Walk: Legion of Honor, Corte Madera Nordstrom
Distance: 1 mile
At today's docent lecture on the upcoming exhibition - Girl With A Pearl Earring, Dutch Paintings from the Mauritshuis - a couple of things particularly caught my attention.
The first was more information on how oil paints were actually mixed pre-tubes which I may write about at a later date.
But the main and most exciting discovery was a 17th C. Dutch artist I had not heard of: Carel Fabritius (1622-1654) whose self-portrait is here.
Fabritius studied at Rembrandt's Amsterdam studio when he was in his late teens and many consider him Rembrandt's most gifted student. He made his short career in Delft where he is thought to be the only Rembrandt student to develop his own style. Unlike Rembrandt whose brushwork was gestural and who used dark backgrounds with his subjects spotlighted, Fabritius used cool color harmonies to create shape in a smooth, luminous style of painting. He became interested in the technical aspects of painting moving away from Renaissance perspective and chiaroscuro and explored complex spatial (almost trompe d'oeil) effects as in A View in Delft, with a Musical Instrument Seller's Stall (1652). He also taught himself to control a heavily loaded brush producing the haunting and technically proficient The Goldfinch. (1654)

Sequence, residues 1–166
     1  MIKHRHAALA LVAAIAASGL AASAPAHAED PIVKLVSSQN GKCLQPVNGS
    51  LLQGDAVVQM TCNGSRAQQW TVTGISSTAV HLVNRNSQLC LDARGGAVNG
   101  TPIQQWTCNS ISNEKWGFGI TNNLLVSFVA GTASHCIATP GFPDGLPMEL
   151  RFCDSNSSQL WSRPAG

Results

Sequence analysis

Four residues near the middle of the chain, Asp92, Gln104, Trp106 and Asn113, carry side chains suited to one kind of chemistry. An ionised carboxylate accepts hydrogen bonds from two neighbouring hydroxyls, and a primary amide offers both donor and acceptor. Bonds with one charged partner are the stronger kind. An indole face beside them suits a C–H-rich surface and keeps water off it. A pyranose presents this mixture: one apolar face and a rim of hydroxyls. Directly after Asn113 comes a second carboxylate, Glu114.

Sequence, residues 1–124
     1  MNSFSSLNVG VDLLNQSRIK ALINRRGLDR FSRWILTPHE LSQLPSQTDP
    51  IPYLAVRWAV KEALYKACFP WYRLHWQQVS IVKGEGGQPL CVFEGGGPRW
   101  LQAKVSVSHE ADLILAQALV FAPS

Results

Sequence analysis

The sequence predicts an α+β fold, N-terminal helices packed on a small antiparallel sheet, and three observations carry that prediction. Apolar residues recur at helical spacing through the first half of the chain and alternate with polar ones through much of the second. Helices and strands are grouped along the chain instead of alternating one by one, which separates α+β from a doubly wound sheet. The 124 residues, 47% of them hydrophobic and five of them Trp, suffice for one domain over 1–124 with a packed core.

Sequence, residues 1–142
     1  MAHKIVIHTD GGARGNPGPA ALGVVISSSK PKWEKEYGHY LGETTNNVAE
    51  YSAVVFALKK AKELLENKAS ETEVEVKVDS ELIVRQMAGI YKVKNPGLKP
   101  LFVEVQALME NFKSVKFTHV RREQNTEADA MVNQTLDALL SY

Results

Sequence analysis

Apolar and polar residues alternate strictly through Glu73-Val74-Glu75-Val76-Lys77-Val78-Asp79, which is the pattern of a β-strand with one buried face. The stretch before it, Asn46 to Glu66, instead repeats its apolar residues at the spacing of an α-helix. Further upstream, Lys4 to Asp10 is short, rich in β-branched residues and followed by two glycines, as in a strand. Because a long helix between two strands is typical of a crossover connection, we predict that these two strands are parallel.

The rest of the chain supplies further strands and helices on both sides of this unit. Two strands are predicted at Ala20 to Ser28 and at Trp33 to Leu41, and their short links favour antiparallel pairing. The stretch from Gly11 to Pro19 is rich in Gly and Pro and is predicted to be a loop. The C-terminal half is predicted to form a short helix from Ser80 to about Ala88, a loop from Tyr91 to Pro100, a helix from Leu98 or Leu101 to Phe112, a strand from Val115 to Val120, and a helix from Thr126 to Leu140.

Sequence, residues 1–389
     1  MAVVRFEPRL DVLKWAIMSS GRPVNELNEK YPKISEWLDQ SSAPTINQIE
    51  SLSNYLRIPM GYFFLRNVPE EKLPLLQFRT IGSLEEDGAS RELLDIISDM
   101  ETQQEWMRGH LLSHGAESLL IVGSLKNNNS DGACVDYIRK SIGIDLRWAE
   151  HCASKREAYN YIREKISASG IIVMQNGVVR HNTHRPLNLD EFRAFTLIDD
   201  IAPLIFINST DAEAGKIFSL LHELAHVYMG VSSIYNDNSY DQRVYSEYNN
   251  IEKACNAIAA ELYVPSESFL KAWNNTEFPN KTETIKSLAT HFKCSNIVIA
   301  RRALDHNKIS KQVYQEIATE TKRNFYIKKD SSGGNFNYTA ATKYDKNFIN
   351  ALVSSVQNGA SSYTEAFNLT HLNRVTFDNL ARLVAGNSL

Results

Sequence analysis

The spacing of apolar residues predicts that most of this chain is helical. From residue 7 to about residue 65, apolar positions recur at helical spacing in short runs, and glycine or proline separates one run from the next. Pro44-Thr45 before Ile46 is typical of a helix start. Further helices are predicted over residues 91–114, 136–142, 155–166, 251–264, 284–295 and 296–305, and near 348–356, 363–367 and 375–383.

Sadly, Fabritious's life was cut very short when he was caught in the explosion of the Delft gunpowder magazine in 1654. The explosion destroyed a quarter of the city, along with Fabritius's studio and many of his paintings, so most of what he had produced by age 32 was lost along with him. One could speculate that Fabritius's name might be as well-known as Rembrandt and Vermeer were it not for this catastrophe.
Carel Fabritius, View of Delft with a Musical Instrument Seller's Stall, oil on canvas, 1652.
Carel Fabritius, The Goldfinch, oil on canvas, 1854